Mot Juste

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“There is no greater agony than bearing an untold story inside of you.”

I’ve been reading the poet/philosopher, Rumi’s works for years.  So I could think of nothing better than to cite some of my favorite Rumi quotes that are relevant to where I am currently in my life’s journey.  I love and embrace his message of acceptance, openness and a universal connection to all things.  I’m still working at being a better observer and an even better listener.  Without a doubt, writing has helped me to experience everyday life in a multi-sensory way.

Writing has enabled me to not just stop and smell the roses, but to physically bend down and touch the delicate softness of their petals.  It’s turned my head to imagine an entire bed sprawled across my lawn.  And to move them from room to room in various compartments of my brain, so I can enjoy them in a different light.

“There is a voice that doesn’t use words. Listen.”

The morning I sat down to write the first paragraph of my book: the one that came blasting loudly into my head, so as not to be ignored, while I was in the shower.  As I hurriedly dried off, scared and on high alert; not yet fully cognizant of what was about to happen.  Panic stricken as I worried I wouldn’t be able to write down my words as fast as my brain was composing them.  A new awareness washed over me as briskly as the hot shower water.  All my senses rose like goosebumps, higher and higher on my damp skin.  In that instant – I knew.  I really knew.  THIS was the beginning of the book.  I threw on a rob, my hair still wet.  Sitting in my new white leather chair my family had given me for Christmas.  Hands shaking.  Fear and excitement pulsated through me like a rushing river of white capped adrenaline.  I reached for my writing pen.

And I heard the voice I had been stifling for years.

That morning.  That magical insightful morning.  I became a listener as well as a writer.

Revealing teardrops punctuated the paper as I wrote.  Knowing in that singular moment the old me had been re-shapened by my words and I would never be the same.  My words, imprisoned for so many years, were finally free.  A series of life events had freed them: this time I knew not to turn away.  I’d acquired all kinds of heavy armor through the years.  Initially wearing it for my protection, it had become itchy and burdensome.  Suffocating.  Like a sweater adhered tightly to my skin on a scorching summer day.  Inappropriate and unnecessary.  But that morning…purified by the waterworks, I sat with my body and mind, my heart and soul: naked and aware.  Enlightened for having listened.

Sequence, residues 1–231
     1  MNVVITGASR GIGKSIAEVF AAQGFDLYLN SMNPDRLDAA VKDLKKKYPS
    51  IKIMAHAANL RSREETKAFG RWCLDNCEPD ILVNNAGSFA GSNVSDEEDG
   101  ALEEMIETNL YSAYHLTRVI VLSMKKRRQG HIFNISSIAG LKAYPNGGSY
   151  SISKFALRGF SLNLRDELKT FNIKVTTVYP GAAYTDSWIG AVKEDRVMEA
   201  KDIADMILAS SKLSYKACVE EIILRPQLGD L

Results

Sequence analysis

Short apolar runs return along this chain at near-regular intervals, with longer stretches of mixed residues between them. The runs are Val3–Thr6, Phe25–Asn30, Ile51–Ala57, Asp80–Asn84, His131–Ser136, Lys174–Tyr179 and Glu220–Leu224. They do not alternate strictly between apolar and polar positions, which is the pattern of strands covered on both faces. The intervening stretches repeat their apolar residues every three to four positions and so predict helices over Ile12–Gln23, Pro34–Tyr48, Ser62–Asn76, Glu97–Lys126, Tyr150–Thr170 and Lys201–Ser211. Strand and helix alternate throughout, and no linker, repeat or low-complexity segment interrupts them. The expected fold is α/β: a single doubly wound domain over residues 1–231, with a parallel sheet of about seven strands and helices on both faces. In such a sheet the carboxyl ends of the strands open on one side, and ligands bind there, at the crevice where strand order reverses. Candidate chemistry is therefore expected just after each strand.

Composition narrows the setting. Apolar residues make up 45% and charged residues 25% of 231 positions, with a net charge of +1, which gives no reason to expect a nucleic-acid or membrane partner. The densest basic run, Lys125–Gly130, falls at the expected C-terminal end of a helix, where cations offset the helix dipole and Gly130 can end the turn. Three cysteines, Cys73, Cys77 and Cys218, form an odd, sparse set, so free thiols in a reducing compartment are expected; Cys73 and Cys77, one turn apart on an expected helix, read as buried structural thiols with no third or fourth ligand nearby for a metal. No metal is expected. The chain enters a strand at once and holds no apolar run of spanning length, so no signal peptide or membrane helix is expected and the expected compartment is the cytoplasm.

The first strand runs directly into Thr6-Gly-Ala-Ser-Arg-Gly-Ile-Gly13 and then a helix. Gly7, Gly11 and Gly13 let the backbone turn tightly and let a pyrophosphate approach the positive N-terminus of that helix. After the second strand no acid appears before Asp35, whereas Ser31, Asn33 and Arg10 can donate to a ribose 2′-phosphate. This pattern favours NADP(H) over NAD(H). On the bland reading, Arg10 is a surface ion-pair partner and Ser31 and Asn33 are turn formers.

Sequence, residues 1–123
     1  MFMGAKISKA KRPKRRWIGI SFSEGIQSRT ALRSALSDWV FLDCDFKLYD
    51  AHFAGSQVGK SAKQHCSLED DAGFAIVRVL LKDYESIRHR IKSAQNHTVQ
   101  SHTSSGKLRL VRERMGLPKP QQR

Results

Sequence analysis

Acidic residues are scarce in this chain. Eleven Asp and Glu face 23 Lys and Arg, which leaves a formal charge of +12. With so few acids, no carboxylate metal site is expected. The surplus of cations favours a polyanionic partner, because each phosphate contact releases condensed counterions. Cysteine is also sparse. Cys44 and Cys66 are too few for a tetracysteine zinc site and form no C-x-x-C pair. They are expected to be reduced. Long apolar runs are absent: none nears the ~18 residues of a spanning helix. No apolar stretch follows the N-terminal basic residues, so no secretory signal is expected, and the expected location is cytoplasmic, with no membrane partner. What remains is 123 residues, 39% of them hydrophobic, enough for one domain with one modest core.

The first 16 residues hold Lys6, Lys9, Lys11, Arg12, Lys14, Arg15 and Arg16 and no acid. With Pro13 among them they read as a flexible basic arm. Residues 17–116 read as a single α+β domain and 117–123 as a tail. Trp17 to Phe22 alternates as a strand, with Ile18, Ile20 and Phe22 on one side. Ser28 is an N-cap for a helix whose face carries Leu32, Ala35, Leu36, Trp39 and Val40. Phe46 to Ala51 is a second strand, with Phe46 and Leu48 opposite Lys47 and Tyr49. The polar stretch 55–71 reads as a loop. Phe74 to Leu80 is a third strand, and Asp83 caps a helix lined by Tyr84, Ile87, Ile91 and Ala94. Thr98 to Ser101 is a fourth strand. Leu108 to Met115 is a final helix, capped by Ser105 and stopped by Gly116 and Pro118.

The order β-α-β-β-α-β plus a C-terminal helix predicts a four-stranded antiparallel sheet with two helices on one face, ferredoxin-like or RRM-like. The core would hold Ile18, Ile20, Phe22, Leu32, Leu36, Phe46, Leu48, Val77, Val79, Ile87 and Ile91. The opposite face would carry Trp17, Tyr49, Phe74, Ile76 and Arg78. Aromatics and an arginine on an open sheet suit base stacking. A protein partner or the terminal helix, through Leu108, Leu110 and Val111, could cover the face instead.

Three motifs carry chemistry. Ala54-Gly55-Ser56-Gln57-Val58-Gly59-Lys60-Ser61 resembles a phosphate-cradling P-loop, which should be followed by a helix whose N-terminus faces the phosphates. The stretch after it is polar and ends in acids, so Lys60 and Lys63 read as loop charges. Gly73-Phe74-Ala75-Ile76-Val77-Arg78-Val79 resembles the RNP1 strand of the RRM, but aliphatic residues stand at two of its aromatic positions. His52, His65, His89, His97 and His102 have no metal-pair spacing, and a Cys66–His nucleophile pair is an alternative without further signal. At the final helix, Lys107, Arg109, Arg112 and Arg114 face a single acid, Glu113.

“Why do you stay in prison, when the door is so wide open?”

And so I continue on my quest to sharpen my ears to hear the eerily magical sounds of silence – present only to my imagination and vulnerability.  The words find me easier now, as if being aware and open enlivens what was dormant to my once dimmed eyes and ears.

“What you seek is seeking you.”

In the living of our daily lives we are witness to a host of sensory moments.  The ones we seek and the ones that seek us.  Each and every one – full of inspiration and courage, sadness and pain, laughter and friendship.  And love.  Constants in our ever-changing world.  We step away, we take a breath.  We listen.  And we try our very best to be open to the lessons – free from that cumbersome sweater we sometimes proudly wear.  Knowing that…